Lehigh Valley Independent has gone away and it's a good thing. The chief creative officer of that blog realized he was doing all the work so he closed it and began Same genius, same clarity and same thought provoking commentary but now Jon will get all the credit he deserves.

Tightly Wound Mom of Twins and Todd Dietrich are participating in the 90 posts in 90 days adventure. I said I would participate as well. I lasted 5 days. What does that say about me?

Life of M. R. Sack This guy is the son I never had but no doubt would have deserved. Mike is a smart young man recovering his life and he has invited us along this difficult but essential journey.

There was a time when many of our conversations would start like this.

Me "What the fuck were you thinking? Oh now wait you weren't thinking were you. You never fucking do"
Mike "umm hi Dad"

Our conversations are much more interesting now and we both talk and we both listen. Thanks Son.

Joan Walsh - From time to time this smart, witty and wonderful journalist engages in a Twitter conversation with me. Joan is a leading opinion maker her appearances on MSNBC are always spot on in their clarity and forthrightness. And, she reads this little blog. Ask my guy about my reaction when Ms. Walsh contacts me. (Hint: 13 year old girl sees Justin Bieber in the mall)

Martin on Main - Quickly becoming the little jewel of the summer festival season. Visit the web site but more importantly attend the event. I will see you there. (some volunteer opportunity are available)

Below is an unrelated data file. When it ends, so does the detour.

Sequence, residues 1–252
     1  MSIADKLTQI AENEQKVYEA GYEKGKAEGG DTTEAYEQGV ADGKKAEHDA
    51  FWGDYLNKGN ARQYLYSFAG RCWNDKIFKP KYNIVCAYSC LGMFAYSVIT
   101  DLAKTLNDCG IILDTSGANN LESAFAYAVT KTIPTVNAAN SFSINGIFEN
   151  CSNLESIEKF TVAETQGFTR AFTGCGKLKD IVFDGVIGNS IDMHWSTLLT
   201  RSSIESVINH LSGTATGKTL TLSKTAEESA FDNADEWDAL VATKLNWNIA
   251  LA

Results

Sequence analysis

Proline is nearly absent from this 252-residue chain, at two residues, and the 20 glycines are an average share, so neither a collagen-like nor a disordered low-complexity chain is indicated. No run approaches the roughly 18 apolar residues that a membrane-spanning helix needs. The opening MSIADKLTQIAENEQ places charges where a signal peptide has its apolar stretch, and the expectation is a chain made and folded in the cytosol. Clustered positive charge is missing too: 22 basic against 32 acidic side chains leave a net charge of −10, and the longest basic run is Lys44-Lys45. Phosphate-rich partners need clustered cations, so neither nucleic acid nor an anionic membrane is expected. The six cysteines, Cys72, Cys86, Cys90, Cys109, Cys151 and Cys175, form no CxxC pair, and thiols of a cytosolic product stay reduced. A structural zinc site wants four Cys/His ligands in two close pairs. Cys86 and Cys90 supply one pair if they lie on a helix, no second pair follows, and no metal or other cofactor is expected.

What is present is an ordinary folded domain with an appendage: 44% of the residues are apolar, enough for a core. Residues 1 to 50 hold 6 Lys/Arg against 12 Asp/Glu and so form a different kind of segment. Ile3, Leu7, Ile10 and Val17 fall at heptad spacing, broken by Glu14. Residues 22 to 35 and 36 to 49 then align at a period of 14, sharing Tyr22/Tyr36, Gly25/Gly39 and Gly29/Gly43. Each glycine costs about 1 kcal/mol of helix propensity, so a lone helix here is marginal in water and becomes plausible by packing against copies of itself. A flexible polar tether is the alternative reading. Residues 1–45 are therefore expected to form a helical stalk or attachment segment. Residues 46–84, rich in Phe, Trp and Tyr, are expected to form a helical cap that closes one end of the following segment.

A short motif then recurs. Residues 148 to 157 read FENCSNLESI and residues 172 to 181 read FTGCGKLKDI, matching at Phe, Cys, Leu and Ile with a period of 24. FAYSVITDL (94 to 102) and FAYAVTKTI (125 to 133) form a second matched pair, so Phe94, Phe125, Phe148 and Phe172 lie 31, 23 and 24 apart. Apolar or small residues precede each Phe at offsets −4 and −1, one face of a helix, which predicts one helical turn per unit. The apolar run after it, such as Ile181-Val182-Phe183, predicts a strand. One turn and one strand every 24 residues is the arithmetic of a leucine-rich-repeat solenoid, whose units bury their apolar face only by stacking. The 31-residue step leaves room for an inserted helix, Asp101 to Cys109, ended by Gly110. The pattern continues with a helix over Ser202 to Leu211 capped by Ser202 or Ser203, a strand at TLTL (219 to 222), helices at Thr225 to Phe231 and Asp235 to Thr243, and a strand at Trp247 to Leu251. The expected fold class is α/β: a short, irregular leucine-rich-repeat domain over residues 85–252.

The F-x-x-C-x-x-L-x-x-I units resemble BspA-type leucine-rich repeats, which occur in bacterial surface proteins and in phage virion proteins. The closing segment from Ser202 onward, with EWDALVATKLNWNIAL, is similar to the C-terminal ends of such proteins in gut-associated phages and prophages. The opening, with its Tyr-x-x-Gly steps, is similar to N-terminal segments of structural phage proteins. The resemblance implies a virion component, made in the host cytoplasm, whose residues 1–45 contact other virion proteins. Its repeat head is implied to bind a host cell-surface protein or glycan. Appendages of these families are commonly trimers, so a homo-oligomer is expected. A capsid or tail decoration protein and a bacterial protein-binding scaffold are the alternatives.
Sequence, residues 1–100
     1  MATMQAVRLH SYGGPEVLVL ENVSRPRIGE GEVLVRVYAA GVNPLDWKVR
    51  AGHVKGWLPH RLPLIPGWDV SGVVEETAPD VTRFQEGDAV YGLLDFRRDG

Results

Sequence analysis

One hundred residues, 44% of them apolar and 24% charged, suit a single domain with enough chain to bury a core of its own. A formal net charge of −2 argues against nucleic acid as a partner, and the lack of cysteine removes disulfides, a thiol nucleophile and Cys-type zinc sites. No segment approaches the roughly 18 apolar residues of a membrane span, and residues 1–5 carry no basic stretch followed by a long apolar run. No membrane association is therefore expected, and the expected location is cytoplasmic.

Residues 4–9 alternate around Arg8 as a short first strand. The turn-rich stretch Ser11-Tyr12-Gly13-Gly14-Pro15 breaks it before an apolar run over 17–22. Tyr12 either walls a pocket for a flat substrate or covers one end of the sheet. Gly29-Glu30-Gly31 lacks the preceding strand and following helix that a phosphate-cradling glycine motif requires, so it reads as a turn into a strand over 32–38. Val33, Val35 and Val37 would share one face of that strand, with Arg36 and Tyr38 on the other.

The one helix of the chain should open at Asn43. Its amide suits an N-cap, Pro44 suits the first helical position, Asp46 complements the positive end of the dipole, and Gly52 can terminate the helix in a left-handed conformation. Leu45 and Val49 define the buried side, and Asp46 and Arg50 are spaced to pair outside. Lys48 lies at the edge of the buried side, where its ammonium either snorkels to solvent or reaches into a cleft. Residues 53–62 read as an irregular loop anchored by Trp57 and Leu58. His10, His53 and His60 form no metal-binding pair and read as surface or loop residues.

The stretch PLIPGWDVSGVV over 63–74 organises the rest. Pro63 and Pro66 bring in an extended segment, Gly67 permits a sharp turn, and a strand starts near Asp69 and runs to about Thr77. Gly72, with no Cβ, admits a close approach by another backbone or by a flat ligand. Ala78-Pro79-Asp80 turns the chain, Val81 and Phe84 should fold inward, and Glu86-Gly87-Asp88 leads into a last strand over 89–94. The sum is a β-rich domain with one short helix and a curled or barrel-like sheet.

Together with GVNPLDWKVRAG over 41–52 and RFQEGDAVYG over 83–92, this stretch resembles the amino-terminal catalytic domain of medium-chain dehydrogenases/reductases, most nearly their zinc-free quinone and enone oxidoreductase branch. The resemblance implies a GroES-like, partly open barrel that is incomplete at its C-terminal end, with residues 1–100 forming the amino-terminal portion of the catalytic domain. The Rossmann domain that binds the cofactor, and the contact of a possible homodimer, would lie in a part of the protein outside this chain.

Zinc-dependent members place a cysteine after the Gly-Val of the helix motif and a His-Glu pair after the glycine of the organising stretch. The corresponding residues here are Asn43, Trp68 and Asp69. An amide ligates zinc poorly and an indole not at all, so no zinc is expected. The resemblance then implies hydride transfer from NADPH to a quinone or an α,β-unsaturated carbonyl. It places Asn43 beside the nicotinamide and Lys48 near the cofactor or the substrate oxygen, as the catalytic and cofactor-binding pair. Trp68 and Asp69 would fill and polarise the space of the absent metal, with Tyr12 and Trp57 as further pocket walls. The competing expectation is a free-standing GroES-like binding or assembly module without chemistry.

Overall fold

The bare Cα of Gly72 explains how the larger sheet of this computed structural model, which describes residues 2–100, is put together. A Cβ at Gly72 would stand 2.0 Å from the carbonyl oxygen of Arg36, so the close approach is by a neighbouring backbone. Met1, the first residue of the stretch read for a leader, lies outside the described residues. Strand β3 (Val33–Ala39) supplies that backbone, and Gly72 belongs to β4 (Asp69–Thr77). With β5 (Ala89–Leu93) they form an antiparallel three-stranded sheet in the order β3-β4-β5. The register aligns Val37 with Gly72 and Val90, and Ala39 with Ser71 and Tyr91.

Click through my links on the side and expand your world a little bit.

Tuesday, July 19, 2011

It's My Life - Aunt Mary's Funeral

It’s odd what provokes a memory.

My maternal grandmother was raised in a Catholic orphanage in the Scranton area; it was not a positive experience for her, thus neither she nor her children remained in or joined the mother church. Her youngest brother remained in the faith however. It was her brother Tom’s death that delayed my coming out to my parents for a week or two. Tom’s wife, Aunt Mary, remained pretty faithful until a child molesting priest was transferred to her local parish in order to remove him from his previous assignment. Mary told the church officials that she would neither contribute nor attend mass as result of them harboring this man. Aunt Mary died a few years later and guess who the Monsignor decided to send to lead the funeral.

Most of the people in attendance at the funeral service were my grandmother’s children and grandchildren there may have been only three Catholics there. Father Pervert arrived at the funeral home smelling of cigarettes and cheap whiskey for an 11:00 AM service. He had to be reminded of Mary’s name and he knew absolutely nothing about her.